Repression is the scab that need not be picked at. I’ve invested thirteen years worth of thrombocytes scabbing over my life with Susan. I let my bleedy nose drip all over my shirts for twelve of those years to dedicate as many thrombocytes as possible to scabbing over the open wound that was Susan. And now you want me to open that wound again? Where did you get your psych degree? Sending in four box tops from your Cheerios?

What would be ideal is to save those box tops, pour yourself a bowl of Cheerios, and while pouring your milk, notice that the picture of the “Missing Child” is a picture of Susan. And she’s been missing for thirteen years.

What am I getting around to? It’s a self-empowerment thing. It’s the ability to tell my Mind Sculptor, “We’re not going there. Let’s talk about my date last night, where the girl’s cumulative brain power for a year could toast a slice of raisin bread, but only lightly, and one side only. That’s a painful mistake that has not scabbed over with depleted uranium, and a mistake I don’t want to make any longer.” Current. Unscabbed. Worthwhile.

My therapist holds a dual role. Sacajawea and Mechanic. It’s important to have a guide into the unknown, although Lewis and Clark had no need for the lass to backtrack to last night’s camp site because one of them (Clark, because he was a directionless fool) forgot his  iPhone. It’s the current stuff I need help fixing, or at least the most current stuff that is like dragging an anchor through a sea of magnets. For me, that’s losing Clare. Not being married to the Queen of the Sirens thirteen years ago. Here is your tarnished crown, your Majesty.

My therapist says, “What should we talk about this week?”

And I say, “My inflamed hemorrhoidal tissues that have begun seeping puss and blood lately.”

And my therapist says , “What? I’m not a proctologist!”

And I say, “It’s a metaphor. The thoughts of Susan are a pain in my ass. I’m trying to repress, again, the memories of Susan you dredged out last week. Of course, people do say my head is full of shit. Perhaps I need a proctologist after all.”

– Dedicated to Stephanie’s puppy, Poppy.

A very funny meme from AutisticNotWeird.com

A peer presenter with Stand Up To Stigma passed along a meme for posting to our site. Rather than just post the meme, it’s better to write out the dialog, which comes courtesy of Autistic Not Weird.


Dude #1: “I’m autistic, which means everyone around me has a disorder that makes them say things they don’t mean, not care about structure, fail to hyperfocus on singular important topics, have unreliable memories, drop weird hints and creepily stare into my eyeballs.”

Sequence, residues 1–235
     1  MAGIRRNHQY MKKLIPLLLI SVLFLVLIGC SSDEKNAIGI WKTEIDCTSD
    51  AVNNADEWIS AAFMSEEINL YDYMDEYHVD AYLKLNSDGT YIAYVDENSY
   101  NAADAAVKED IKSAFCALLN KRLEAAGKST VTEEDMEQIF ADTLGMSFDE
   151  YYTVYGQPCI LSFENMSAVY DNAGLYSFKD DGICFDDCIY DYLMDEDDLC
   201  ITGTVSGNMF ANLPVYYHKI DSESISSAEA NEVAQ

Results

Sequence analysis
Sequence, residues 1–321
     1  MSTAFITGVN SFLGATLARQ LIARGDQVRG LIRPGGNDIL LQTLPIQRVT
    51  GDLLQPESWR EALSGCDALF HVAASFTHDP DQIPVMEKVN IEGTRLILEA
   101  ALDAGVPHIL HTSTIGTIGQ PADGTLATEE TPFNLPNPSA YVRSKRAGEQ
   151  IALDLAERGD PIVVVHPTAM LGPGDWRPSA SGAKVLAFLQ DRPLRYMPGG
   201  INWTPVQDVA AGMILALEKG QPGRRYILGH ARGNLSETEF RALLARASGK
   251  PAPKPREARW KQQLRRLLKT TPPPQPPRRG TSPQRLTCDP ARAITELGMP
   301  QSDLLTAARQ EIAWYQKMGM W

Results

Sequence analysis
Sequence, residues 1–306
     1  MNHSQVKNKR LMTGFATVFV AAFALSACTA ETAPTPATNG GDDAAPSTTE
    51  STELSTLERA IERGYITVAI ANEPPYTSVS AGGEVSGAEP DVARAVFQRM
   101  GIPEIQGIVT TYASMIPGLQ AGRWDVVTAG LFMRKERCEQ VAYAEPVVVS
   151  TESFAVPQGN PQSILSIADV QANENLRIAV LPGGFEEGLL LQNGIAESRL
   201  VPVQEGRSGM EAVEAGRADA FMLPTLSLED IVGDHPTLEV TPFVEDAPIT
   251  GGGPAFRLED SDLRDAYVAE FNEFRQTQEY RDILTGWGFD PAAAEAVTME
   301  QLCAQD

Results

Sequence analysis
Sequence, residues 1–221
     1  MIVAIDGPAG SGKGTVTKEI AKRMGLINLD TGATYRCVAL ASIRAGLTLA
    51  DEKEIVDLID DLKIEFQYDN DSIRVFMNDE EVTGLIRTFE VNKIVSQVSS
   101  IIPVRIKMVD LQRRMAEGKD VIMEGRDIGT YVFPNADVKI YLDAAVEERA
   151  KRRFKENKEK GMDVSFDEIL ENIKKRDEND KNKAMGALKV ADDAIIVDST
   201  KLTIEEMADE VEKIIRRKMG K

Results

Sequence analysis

Dude #2: “So why do people say YOU’RE the weird one?”

Dude #1: “Because there’s more of them than me.”


Classic.

Tales from Laugh It Off: Who wants to hear a story about a bridge?

So Salty and me were presenting “Laugh It Off” at Turquoise Lodge last Friday, and the support group part of the presentation was going great, and then Jackie’s stand in (our babysitter to make sure we don’t do anything untoward or triggering) jumped in with some comment or another that totally sucked the joy out of the room. I’m going to pick on this lovely young lady to cover my own secret shame that will not be secret soon. Truth told, our handler was very professional and super great, but as Jackie noticed for the past couple of weeks, having her in the midst of the group changed the dynamic.

So there we are, Salty and me, and our handler was not part of the circle of peers by prior planning, and we were laughing and crying and laughing and offering kind words and support and everything else that happens in a peer support group. Our lovely handler jumped in with a comment, from outside the circle, and the conversation dead stopped. What did I say with the wisdom of a thousand Yodas?


“Oh, man, you are such a buzzkill.”


Aw, crap. I caught my error immediately. It wasn’t difficult to miss, like Rosie O’Donnell making her perigee-syzygy. Aw, crap. Crap!

Splendid. I just (jokingly) called someone a “buzzkill” in a room of detox and rehab patients. Thing is, that got the conversation jump started again with laughter and snickers. I made so many apologies, tried to spin it into “You see? This is how deep into our everyday language stigmas run.” Whatever. I messed up. Badly. So unprofessional. And this was the first time our handler sat through this performance.

Just splendid. I made apologies again to the group, and the consensus was it was just fine and no one was offended. Funny dynamic, support groups. Making that stupid faux pas actually made me more popular with the group. Thank the Yodas.

Buzzkill. Dang it. I’m better than this. Sigh.

Reprinted with kind permission of the author from Steve’s Thoughtcrimes.